Please select the first letter of the last name you are looking for.

Eric L. Bittman

Professor emeritus

Research Interests

Circadian rhythms are endogenous oscillations whose period in constant conditions is close to 24h. Environmental signals that ultimately arise from the spin of the earth set the internal clock through the process of entrainment. A master pacemaker in the suprachiasmatic nucleus of the hypothalamus (SCN) is required not only for rhythmicity of sleep and wakefulness, but also to insure optimal physiological function as incompatible events are scheduled to occur at different phases. The SCN receives a privileged retinal input and communicates with other brain areas and the rest of the body through a variety of projections. Cells throughout the brain and periphery express core circadian clock genes that engage in feedback loops to insure temporal coordination. One obvious indication of the importance of circadian organization is the deleterious effects of jet lag and schedule changes experienced by shift workers: many illnesses are aggravated, including mental illness, diabetes, and heart disease.

Current Research

We have discovered a novel circadian mutation called duper, which causes the circadian clock to run fast and reduces jet lag 4-fold. In a model of cardiomyopathy, duper mutant hamsters experience a striking resistance to the deterioration of heart function that is normally triggered by repeated shifts of the light:dark cycle. It appears that the mutation affects both cell autonomous circadian oscillators and the brain’s master paemaker. The mutation is an allele of the core clock gene Cryptochrome 1, but the phenotype of mutant hamsters differs in unexpected ways from that of Cry1-null mice.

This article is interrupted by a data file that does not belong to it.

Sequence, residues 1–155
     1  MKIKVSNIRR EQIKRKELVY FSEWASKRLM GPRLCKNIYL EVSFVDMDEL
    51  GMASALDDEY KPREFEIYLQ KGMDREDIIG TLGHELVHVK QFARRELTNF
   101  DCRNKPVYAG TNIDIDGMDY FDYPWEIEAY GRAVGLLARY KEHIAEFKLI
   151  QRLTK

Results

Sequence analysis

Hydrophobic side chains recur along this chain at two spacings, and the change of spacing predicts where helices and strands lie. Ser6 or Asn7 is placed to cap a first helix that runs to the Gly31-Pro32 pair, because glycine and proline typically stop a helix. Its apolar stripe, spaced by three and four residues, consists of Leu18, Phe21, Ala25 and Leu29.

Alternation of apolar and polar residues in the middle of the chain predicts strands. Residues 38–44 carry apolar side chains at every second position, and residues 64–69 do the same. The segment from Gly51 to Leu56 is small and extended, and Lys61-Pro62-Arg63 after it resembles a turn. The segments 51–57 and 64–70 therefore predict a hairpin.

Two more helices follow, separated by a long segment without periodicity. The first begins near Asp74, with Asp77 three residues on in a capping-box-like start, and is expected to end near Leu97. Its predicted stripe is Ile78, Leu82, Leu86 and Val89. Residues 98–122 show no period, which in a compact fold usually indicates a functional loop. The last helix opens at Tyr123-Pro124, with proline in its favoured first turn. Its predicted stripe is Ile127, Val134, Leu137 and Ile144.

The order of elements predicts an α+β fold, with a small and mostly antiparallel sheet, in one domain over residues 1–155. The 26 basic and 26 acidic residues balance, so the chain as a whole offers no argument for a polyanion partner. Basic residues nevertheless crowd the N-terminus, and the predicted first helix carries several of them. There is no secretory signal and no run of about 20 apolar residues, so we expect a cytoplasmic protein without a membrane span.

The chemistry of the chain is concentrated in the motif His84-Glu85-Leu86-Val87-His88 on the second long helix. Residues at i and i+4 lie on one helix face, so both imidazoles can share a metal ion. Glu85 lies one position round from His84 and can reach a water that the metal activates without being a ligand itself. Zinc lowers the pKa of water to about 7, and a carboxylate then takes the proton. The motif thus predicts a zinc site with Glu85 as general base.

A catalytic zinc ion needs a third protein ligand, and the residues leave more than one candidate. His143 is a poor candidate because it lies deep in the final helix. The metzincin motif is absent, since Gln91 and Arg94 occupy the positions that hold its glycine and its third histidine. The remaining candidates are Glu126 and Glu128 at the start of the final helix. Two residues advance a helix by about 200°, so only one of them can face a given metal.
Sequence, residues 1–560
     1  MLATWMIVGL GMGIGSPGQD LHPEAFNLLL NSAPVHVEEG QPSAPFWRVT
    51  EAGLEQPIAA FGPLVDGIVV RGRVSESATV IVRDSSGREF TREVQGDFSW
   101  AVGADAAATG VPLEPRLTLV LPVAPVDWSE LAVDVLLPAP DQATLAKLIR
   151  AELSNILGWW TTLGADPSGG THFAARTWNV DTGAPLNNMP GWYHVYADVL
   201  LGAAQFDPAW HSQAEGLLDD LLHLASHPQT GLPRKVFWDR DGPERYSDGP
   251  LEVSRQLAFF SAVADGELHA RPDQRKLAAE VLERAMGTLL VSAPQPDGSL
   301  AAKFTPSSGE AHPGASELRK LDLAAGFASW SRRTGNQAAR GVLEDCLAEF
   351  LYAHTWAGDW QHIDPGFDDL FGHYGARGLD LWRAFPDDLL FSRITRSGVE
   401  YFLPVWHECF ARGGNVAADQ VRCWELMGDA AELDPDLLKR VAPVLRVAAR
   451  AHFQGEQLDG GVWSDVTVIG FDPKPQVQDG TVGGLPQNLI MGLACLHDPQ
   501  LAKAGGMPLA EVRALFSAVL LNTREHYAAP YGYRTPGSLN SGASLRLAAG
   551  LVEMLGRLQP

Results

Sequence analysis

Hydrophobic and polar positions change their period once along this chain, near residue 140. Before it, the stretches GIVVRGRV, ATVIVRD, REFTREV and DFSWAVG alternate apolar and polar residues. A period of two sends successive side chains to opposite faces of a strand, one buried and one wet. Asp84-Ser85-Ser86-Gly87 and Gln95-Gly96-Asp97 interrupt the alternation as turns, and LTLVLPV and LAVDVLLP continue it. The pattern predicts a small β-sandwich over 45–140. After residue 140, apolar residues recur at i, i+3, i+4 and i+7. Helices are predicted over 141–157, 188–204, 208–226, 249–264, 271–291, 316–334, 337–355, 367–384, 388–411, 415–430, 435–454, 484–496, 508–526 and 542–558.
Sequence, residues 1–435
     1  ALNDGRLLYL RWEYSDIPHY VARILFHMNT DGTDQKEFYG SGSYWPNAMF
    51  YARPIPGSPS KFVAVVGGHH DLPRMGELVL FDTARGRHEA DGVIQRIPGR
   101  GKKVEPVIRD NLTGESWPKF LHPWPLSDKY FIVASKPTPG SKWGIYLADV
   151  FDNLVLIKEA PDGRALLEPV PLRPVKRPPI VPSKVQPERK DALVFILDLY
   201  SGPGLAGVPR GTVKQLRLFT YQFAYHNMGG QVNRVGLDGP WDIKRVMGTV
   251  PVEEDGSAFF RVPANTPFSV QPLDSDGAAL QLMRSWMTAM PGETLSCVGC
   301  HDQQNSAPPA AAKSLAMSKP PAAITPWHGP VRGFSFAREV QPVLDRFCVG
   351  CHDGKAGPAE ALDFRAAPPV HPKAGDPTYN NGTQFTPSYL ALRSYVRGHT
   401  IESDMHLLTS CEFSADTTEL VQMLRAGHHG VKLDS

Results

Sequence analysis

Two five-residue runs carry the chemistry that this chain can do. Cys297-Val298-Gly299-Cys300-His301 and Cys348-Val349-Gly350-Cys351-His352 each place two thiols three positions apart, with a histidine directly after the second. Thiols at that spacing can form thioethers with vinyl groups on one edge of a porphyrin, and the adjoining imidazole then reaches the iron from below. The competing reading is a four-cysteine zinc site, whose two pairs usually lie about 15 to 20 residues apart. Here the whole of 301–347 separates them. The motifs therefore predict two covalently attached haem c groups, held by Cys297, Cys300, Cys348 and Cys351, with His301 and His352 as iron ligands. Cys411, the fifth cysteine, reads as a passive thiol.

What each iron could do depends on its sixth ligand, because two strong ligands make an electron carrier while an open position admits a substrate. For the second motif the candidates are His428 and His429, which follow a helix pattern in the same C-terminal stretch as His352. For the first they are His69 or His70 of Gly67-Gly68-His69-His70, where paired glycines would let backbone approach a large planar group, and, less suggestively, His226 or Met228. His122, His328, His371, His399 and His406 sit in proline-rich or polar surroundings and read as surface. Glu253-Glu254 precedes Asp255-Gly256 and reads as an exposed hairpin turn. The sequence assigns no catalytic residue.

Another critical function that is regulated by the circadian pacemaker is the discharge of luteinizing hormone from the anterior pituitary that triggers ovulation. We have found that disruption of the circadian clock in any of several cell types in identified hypothalamic circuits alters timing of the LH surge. We are working to determine the relative contributions of circadian function in vasopressin, VIP, kisspeptin and GnRH neurons in order to reveal the loci at which the clock controls ovulation. We use molecular genetics to achieve conditional deletion of critical circadian clock genes in specific neurons of female mice. Chemogenetics allows us to silence neurons at specific loci and at particular times of day in order to determine when and where circadian signals control neuroendocrine function.

Learn more at: http://www.bio.umass.edu/biology/about/directories/faculty/eric-l-bittma...

Academic Background